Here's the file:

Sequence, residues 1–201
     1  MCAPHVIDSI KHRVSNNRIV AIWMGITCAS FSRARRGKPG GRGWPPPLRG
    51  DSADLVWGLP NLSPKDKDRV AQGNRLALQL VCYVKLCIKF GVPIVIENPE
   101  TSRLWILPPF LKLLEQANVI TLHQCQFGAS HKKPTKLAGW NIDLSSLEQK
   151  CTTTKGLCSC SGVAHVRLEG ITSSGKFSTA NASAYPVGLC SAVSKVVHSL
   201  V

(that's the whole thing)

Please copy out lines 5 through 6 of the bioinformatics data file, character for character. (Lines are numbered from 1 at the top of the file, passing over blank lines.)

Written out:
   151  CTTTKGLCSC SGVAHVRLEG ITSSGKFSTA NASAYPVGLC SAVSKVVHSL
   201  V